Substance P (NK1) receptor immunoreactivity on endothelial cells of the rat tracheal mucosa

Jeffrey J. Bowden, Peter Baluk, Peter M. Lefevre, Steven R. Vigna, Donald M. McDonald

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46 Citations (Scopus)


Substance P released from sensory nerve fibers causes plasma leakage through an action on neurokinin-1 (NK1 or substance P) receptors. However, it is unknown whether the leakage results from a direct action of substance P on endothelial cells. We determined the distribution of NK1 receptors at sites of plasma leakage in the rat tracheal mucosa, using NK1 receptor- immunoreactive endosomes as markers of substance P-induced receptor internalization. We found that immunoreactive endosomes were located in the endothelial cells of venules and capillaries but not in those of arterioles. Five minutes after vagal stimulation for 1 min, the number of immunoreactive endosomes in endothelial cells was increased 5-fold in postcapillary venules (mean of 17.4 endosomes/100 μm2 compared with a baseline value of 3.4), 15- fold in collecting venules (12.1 compared with 0.8), and 4-fold in capillaries (2.5 compared with 0.7). No endosomes were found in arterioles under either condition. The number of immunoreactive endosomes in individual vessels corresponded to the amount of stimulus-induced plasma leakage. Both the receptor internalization and the plasma leakage were blocked by the selective NK1 receptor antagonist SR-140333 (100 μg/kg iv). Although both substance P (5 μg/kg iv) and platelet-activating factor (5 μg/kg iv) caused plasma leakage, only substance P induced receptor internalization. We conclude that substance P, released from sensory nerve fibers, causes plasma leakage through a direct action on endothelial cells of venules, and that this action is followed by the internalization of NK1 receptors into endosomes.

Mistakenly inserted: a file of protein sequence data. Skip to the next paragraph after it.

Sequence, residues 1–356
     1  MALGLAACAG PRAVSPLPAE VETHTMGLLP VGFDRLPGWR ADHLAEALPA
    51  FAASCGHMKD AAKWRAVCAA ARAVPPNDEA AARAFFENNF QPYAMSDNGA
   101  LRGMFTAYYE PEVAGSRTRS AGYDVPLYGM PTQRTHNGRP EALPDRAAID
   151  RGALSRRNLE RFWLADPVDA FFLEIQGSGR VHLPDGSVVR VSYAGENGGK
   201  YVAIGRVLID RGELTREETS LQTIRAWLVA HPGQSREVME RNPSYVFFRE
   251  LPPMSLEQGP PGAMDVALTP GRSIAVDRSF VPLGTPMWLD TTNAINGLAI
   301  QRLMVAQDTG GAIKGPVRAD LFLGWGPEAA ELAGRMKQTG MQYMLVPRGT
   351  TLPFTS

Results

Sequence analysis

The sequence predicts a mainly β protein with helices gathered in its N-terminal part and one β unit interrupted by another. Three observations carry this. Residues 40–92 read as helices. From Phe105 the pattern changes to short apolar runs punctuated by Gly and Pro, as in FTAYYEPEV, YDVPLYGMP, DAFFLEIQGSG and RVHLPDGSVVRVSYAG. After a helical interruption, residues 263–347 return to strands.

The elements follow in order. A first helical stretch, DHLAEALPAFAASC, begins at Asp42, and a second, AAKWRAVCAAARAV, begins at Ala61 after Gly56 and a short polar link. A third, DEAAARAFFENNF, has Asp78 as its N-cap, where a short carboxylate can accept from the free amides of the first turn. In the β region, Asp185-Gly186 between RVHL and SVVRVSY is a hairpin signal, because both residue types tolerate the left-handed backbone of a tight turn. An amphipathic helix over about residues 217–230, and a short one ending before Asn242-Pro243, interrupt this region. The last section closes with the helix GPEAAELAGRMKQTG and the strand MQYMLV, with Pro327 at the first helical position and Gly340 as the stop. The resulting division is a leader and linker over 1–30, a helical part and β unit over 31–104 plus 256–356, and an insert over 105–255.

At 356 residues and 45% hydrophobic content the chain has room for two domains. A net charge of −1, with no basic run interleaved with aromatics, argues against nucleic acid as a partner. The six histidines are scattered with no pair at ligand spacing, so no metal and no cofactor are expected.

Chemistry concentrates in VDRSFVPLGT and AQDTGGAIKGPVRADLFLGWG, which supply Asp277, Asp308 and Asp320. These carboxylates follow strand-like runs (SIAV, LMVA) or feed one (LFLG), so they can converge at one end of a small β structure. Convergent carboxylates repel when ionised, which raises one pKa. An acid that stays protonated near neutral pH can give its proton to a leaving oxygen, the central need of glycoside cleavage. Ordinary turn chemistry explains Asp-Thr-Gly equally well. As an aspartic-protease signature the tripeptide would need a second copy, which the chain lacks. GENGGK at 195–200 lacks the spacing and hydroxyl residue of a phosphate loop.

Original languageEnglish
Pages (from-to)L404-L413
JournalAmerican Journal of Physiology - Lung Cellular and Molecular Physiology
Issue number3 14-3
Publication statusPublished - 1 Mar 1996


  • endosomes
  • immunohistochemistry
  • neurogenic inflammation
  • plasma leakage
  • postcapillary venules
  • receptor internalization
  • tachykinins
  • vagal stimulation
  • vascular permeability


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